I found, when I sequenced the DNA of bee and plant together, a mirroring effect in this base pair. An evolved degree of communication, in the material shape of those infinitesimal proteins, a communication that might be enhanced by editing to increase similarity.

I called my discovery sympathy. The ramifications were significant—a genetic basis for the behavioral and morphological connections between bees and plants, a location and physical substrate for symbiosis across organisms.

I conducted my experiments in the Sierra bees, who exhibited the highest degree of genetic mirroring with their flowers. When I edited the base pairs to better reflect one another, I found the changes enhanced advantageous dependency.

In the glass-fronted room where Roland now came and went were the bees I had brought back from the healthy Sierra colony up on the mountain, along with the plants on which they fed, the Ribes roezlii and Spiraea densiflora, the entire habitat thriving due to genetic enhancements I’d made in both bees and flowers. The habitat stood as a web of genetic interdependence, bees and plants bent to one another’s benefit at the deoxyribonucleic level. The bees lazed from flower to flower, fat and unconcerned, honey overflowing in great wax chambers. Gooseberry and meadowsweet burst with growth and buds, as if the bees’ touch reminded them of their worth. The fruition of my theory was there for all to see—the foundation of interspecies adaptation.

• • •

But as the mother specimens arrived, and as my belly grew, I turned my back on this glorious habitat. Month by month, I sat and watched the resurrected bees group and separate in their aquarium. There was something about their behavior I could not quite understand, something about their social organization that struck me as unique.

I pressed my forehead to the glass and felt the heat of it on my skin. There was a beautiful kind of buzzing from the grouping of bees within, a plaintive and coherent buzzing that filled my ears and my head, as though this subsonic buzzing might be filling me with a question.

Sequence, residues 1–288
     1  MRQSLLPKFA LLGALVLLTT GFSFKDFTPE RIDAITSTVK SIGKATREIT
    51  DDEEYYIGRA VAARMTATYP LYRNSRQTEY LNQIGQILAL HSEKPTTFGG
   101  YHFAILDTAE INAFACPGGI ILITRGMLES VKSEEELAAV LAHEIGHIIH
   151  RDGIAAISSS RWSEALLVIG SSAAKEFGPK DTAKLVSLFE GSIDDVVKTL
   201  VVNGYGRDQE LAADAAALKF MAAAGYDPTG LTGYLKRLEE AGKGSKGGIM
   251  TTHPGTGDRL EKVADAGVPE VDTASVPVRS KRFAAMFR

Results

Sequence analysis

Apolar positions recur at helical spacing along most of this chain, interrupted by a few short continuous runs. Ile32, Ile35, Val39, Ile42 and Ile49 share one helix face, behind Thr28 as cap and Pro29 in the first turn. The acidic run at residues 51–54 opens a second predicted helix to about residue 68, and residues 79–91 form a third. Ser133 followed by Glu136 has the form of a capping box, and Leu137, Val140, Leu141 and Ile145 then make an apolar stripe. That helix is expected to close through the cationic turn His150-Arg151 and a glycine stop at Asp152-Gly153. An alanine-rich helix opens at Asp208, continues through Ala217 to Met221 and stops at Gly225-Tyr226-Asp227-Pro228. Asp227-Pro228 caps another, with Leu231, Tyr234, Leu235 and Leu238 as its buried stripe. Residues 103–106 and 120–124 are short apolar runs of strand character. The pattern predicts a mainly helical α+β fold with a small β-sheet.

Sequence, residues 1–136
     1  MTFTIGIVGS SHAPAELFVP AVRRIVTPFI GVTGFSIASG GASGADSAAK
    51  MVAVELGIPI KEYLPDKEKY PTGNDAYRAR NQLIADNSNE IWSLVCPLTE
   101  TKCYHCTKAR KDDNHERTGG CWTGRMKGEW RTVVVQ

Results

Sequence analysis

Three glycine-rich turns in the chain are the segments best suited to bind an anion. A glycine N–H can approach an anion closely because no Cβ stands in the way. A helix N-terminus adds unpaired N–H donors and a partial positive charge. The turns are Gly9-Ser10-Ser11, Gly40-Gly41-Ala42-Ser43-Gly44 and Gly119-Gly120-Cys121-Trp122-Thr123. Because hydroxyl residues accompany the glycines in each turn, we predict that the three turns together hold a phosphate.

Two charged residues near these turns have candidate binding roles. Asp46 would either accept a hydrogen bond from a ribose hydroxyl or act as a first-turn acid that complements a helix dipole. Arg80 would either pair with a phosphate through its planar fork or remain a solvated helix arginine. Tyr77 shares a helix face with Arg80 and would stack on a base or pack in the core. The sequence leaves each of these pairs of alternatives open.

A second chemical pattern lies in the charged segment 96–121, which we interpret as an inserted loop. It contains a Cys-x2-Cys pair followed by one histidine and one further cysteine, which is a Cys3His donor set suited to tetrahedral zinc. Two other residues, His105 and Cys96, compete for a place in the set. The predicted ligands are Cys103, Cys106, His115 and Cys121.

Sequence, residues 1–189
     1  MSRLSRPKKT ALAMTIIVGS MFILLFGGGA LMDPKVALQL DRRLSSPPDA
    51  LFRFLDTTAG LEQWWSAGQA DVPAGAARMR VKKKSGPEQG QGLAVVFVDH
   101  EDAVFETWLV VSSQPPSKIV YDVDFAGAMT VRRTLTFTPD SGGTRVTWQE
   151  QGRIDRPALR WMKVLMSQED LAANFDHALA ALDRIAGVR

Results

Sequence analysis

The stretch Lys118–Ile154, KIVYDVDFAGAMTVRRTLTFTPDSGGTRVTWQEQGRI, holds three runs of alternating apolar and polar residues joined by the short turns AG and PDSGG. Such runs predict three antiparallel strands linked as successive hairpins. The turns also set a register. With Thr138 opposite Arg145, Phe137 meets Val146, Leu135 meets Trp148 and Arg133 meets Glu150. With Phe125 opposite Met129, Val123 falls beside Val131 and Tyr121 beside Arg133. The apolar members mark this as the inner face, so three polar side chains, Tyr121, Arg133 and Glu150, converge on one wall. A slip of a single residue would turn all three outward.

The bees were aware of my brooding love, and their buzzing grew louder with my anticipation.

At night when everyone had gone, when Roland had hugged me and run his hands over my growing belly, when he’d told me he’d have dinner waiting in the oven, I stayed beside the aquarium and listened to the colony. Outside the windows, I could see the lights of the city, its buildings and the strangeness of traffic, and on these nights all of this felt extremely far away. It was me and the bees and a new kind of joy, the joy of what was growing within me. I would climb on the metal table and pull up my shirt and slather cold gel on my belly. I had a sonogram for visualizing the interiors of hives, and I’d press the transducer against my skin. I knew that what was growing was not a child yet—I was a scientist above all else—but as I watched her move her arms and legs, I was seized with a welcoming in my being. It seemed, as well, that the bees were aware of my brooding love, and their buzzing grew louder with my anticipation.

“I am growing something inside me, what will be a child,” I whispered to the mother colony as my belly grew larger and larger, as I began to sense from within the being I would introduce to all I loved.

And the mother colony whispered back the high whine of their honey-mouthed blessings.